Dr Pellegrini said: “Different countries are marked by large differences to the extent of corruption.

"In some societies, no transaction is finalized without corruption having an effect, while in other countries it is considered an exception and rarely tolerated.

"While theoretical literature on this subject abounds, empirical studies are scarce.

"Since several indexes of corruption perception have become available over the last few years, it is now possible to test statistically some of the ideas from the theoretical literature."

Jon Keighren | alfa
Further information:
http://www.manchester.ac.uk

More articles from Business and Finance:

nachricht Frugal Innovations: when less is more
19.04.2017 | Fraunhofer-Institut für Arbeitswirtschaft und Organisation IAO

nachricht Europe's microtechnology industry is attuned to growth
10.03.2017 | IVAM Fachverband für Mikrotechnik

All articles from Business and Finance >>>

The most recent press releases about innovation >>>

Die letzten 5 Focus-News des innovations-reports im Überblick:

Im Focus: Can the immune system be boosted against Staphylococcus aureus by delivery of messenger RNA?

Staphylococcus aureus is a feared pathogen (MRSA, multi-resistant S. aureus) due to frequent resistances against many antibiotics, especially in hospital infections. Researchers at the Paul-Ehrlich-Institut have identified immunological processes that prevent a successful immune response directed against the pathogenic agent. The delivery of bacterial proteins with RNA adjuvant or messenger RNA (mRNA) into immune cells allows the re-direction of the immune response towards an active defense against S. aureus. This could be of significant importance for the development of an effective vaccine. PLOS Pathogens has published these research results online on 25 May 2017.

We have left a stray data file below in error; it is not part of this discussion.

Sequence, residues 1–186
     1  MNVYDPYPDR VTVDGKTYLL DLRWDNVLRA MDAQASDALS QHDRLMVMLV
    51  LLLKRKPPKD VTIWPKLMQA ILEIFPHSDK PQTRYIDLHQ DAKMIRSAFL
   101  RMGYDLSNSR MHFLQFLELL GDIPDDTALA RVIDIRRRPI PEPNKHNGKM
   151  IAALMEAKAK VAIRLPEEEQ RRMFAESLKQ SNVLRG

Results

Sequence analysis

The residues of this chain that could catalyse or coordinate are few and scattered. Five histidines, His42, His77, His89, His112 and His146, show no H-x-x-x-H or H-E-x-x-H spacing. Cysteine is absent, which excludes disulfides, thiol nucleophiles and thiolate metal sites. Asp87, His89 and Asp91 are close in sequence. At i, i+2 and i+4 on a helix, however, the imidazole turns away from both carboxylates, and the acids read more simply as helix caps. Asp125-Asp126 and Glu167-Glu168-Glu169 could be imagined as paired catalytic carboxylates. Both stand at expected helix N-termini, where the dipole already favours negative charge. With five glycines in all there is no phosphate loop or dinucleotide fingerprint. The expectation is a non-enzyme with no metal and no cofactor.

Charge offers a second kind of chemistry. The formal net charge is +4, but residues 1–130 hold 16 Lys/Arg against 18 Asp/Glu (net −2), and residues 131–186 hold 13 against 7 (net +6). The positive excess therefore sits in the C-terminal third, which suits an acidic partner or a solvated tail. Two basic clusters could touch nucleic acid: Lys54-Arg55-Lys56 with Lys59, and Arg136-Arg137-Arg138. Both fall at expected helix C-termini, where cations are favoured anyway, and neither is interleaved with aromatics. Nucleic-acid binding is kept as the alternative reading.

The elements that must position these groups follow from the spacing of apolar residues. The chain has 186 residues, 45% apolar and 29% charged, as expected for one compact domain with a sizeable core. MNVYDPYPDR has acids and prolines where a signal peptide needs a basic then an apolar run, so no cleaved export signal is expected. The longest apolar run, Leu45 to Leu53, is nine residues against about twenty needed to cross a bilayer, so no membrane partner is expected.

Staphylococcus aureus (S. aureus) is a bacterium that colonizes by far more than half of the skin and the mucosa of adults, usually without causing infections....

Im Focus: A quantum walk of photons

Physicists from the University of Würzburg are capable of generating identical looking single light particles at the push of a button. Two new studies now demonstrate the potential this method holds.

The quantum computer has fuelled the imagination of scientists for decades: It is based on fundamentally different phenomena than a conventional computer....